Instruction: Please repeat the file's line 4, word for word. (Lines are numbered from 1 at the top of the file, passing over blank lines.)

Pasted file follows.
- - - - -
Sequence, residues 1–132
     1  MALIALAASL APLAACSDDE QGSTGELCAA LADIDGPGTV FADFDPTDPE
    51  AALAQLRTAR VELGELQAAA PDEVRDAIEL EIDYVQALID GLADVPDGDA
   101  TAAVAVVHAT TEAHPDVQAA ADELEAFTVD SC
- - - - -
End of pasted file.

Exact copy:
   101  TAAVAVVHAT TEAHPDVQAA ADELEAFTVD SC